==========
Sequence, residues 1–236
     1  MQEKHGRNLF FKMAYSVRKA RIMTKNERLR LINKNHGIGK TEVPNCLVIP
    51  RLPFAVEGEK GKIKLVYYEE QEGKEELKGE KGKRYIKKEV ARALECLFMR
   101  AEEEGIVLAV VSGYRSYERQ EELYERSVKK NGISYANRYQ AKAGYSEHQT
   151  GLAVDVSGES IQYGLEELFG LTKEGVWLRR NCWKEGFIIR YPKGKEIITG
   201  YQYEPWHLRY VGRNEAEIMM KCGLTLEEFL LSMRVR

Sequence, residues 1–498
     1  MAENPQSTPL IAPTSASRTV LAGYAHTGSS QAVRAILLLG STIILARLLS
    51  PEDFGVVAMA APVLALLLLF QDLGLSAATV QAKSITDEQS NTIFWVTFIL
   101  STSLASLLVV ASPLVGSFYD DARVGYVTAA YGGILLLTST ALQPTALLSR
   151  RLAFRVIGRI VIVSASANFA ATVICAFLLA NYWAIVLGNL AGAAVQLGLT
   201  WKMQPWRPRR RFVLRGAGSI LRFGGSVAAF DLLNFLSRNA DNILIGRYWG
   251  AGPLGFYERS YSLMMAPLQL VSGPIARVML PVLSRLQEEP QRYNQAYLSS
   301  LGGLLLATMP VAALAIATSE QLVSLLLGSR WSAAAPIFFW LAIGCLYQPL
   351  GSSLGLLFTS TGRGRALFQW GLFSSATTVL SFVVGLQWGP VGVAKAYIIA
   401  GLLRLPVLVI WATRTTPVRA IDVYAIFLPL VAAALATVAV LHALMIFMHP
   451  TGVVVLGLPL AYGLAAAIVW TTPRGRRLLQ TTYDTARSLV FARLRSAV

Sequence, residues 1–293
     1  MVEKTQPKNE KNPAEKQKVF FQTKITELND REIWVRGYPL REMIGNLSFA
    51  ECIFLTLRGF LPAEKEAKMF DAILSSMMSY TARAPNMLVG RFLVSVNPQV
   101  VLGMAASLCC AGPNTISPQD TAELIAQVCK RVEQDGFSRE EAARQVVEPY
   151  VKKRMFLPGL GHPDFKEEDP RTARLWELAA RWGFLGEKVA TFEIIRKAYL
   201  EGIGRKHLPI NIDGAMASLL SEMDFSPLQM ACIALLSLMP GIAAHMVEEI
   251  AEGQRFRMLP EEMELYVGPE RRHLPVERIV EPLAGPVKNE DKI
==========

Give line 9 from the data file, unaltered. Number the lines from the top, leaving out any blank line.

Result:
    51  PEDFGVVAMA APVLALLLLF QDLGLSAATV QAKSITDEQS NTIFWVTFIL